How the Creator of Match.com Found His Soul Mate in a Con Artist
You only need to be right once. During the very early days of the Internet–before it was even called the Internet–Gary Kremen, the protagonist of the new book The Player’s Ball–was right that communicating online was a new frontier. He loved the nuts and bolts of computers, the ones and the zeros, the joy of soldering parts together to build a motherboard, the coding, the community of fellow nerds and the orange glow of those early monitors.
Like a lot of obsessive, socially awkward guys, he found a home on the Internet. Thank god, since in the real world he couldn’t get a date to save his life. That’s when Kremen was right again. People want to connect, but blind dates are scary and personal ads misleading or too generic. Who can be charming and personal in just 75 words?
In a flash, he thought of Match.com. People would post their real photos; they could share more of their personalities with longer profiles or even by chatting online in a safe, anonymous environment. Heck, a computer program could give you a quiz and then find your soul mate for you! It worked, of course, and Kremen shot to fame as the guy who created Match.com. But he still longed for romance.
Then he was right again, the bastard. Kremen predicted domain names would be as valuable as owning the orange properties in a game of Monopoly. He snapped up tons of them, including Sex.com, and then got on with the business of building Match.com.
When Kremen pivoted back to Sex.com, he was shocked to discover some bastard claimed it as his property. That would be the con artist Stephen Michael Cohen, who lied the way Kremen compulsively and rudely told the truth. Cohen ran private parties for swingers, relished crime, posed as a lawyer, and did time in prison.
Cohen had realized some putz owned Sex.com and wasn’t doing anything with it. So he relieved the guy of the domain name by conning the company that served as a clearing house for online rights. Cohen then promptly made his own contribution to the Internet. Cohen didn’t sell content, he exploited banner ads. He just sold ad space to all the sleazy companies peddling sex in one way or another and he made a fortune doing it. Fast.
Kremen sued. Cohen counter-sued. This launched a nutty, years-long battle, forcing the courts to acknowledge domain names like Match.com and Sex.com as property, just like real estate. Their battle also upended the lives of Kremen and Cohen, again and again.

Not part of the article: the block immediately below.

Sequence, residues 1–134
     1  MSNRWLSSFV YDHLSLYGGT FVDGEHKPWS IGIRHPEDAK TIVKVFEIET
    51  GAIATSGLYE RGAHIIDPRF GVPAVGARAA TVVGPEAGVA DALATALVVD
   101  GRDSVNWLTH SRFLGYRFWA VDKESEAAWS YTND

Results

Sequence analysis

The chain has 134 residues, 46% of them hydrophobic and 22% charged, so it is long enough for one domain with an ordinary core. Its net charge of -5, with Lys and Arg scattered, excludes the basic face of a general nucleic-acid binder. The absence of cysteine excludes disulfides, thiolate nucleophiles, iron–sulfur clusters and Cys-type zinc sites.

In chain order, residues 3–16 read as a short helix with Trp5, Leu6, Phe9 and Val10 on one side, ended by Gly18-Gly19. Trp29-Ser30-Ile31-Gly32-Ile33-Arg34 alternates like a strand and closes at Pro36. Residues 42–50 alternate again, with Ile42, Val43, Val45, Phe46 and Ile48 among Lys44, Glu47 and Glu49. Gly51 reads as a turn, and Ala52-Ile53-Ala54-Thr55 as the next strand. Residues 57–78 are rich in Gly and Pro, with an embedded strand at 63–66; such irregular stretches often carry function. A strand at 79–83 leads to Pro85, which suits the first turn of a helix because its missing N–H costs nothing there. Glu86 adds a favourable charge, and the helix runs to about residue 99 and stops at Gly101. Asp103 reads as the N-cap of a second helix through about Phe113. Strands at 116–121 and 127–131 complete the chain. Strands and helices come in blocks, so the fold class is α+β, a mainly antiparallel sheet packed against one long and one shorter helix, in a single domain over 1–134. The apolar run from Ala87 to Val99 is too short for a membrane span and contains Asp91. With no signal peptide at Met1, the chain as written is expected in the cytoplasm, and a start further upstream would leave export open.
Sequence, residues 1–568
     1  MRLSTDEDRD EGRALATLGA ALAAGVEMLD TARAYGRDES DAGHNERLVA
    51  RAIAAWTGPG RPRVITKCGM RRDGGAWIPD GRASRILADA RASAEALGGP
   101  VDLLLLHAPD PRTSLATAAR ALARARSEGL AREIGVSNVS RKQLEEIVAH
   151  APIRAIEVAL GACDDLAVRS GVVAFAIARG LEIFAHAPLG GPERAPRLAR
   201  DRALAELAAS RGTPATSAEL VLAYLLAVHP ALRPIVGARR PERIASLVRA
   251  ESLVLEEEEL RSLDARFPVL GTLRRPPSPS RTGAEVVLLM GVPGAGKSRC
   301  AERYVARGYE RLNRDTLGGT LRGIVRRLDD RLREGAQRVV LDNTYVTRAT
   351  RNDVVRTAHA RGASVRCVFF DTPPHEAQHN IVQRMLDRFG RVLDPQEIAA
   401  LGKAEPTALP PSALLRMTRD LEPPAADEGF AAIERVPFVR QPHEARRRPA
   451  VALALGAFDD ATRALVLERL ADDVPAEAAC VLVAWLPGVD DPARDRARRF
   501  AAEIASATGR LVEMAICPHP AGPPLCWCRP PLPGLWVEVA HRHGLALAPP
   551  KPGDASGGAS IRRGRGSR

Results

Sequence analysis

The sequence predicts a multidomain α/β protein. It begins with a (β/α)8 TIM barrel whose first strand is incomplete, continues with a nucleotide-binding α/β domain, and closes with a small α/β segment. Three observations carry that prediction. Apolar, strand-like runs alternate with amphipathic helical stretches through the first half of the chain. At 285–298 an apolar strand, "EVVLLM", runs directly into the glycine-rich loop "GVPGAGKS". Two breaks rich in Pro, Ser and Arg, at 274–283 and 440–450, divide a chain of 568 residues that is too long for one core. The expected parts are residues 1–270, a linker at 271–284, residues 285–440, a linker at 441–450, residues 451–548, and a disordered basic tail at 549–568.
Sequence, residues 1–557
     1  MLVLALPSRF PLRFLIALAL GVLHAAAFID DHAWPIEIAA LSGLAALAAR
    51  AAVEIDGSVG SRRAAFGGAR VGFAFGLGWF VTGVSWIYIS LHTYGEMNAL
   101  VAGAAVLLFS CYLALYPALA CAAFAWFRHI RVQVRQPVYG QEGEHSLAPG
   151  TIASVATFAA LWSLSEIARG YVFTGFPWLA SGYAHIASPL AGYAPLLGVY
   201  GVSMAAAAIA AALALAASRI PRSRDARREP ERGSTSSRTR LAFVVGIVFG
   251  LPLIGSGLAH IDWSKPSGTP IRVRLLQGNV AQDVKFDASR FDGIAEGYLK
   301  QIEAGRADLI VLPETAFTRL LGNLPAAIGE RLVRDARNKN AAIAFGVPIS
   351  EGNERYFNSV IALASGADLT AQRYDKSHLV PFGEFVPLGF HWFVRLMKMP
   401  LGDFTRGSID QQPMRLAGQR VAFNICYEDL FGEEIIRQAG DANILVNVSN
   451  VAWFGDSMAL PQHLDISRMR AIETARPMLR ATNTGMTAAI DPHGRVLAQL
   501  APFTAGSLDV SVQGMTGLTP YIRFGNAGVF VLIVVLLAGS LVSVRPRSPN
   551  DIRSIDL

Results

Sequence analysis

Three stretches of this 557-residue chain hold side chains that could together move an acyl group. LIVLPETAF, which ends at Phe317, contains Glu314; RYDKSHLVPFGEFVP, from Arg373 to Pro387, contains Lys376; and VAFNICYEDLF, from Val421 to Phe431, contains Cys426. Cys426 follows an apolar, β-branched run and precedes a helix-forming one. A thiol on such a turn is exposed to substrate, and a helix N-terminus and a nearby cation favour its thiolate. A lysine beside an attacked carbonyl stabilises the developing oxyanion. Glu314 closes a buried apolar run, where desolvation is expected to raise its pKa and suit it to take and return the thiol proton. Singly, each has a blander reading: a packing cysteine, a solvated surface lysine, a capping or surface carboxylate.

Peas in a pod, they haunt each other like the doppelgangers in the Jordan Peele film Us. You might say Kremen is the respectable one living above ground, but he gets addicted to meth, ends up in a roach-infested flophouse, and dates an adult film star. She’s a smart cookie, so that time he did something right.
Cohen is the bad guy from the underground, but he clearly loves his wife and family, makes a lot of legitimate money for himself and others, and yet still manages to piss off pretty much everyone in the world of porn. When you’re making people a lot of money and they still hate your guts, you must really be a pain in the ass.
It’s not like the adult film industry will appreciate Kremen more. When he wrests Sex.com out of the hands of Cohen, our hero doesn’t plan to sit back and rake in big bucks or sell it off for tens of millions of dollars. No, he wants to take Sex.com, clean it up, and make it respectable. That’s like snapping up religion.com or Jesus.com so you can sell people on atheism, except a thousand times stupider.
To the astonishment of those around them, these two mortal enemies won’t leave each other alone. Even when Cohen is on the lam in Mexico, he calls Kremen on the phone all the time. One minute they’re cursing at each other; the next they’re swapping ideas or cooing over the latest computer gear.
Author David Kushner covers this tale in comprehensive fashion, to say the least. By the end, it’s just exhausting as they prank each other, damn each other, and swap out lawyers like undershirts over and over again. You get bored of their cat-and-mouse game, just as everyone else in their life gets sick of it as well. Just kiss already, you want to say to these straight dudes who can’t quit each other.
The legal precedent on domain names was hugely important. Yet Kushner sticks with the human drama rather than what proves a perfunctory, if profound court decision. So all we’re left with is a match made in hell–two guys who got everything right, except their own lives.
(Simon & Schuster; April 9, 2019)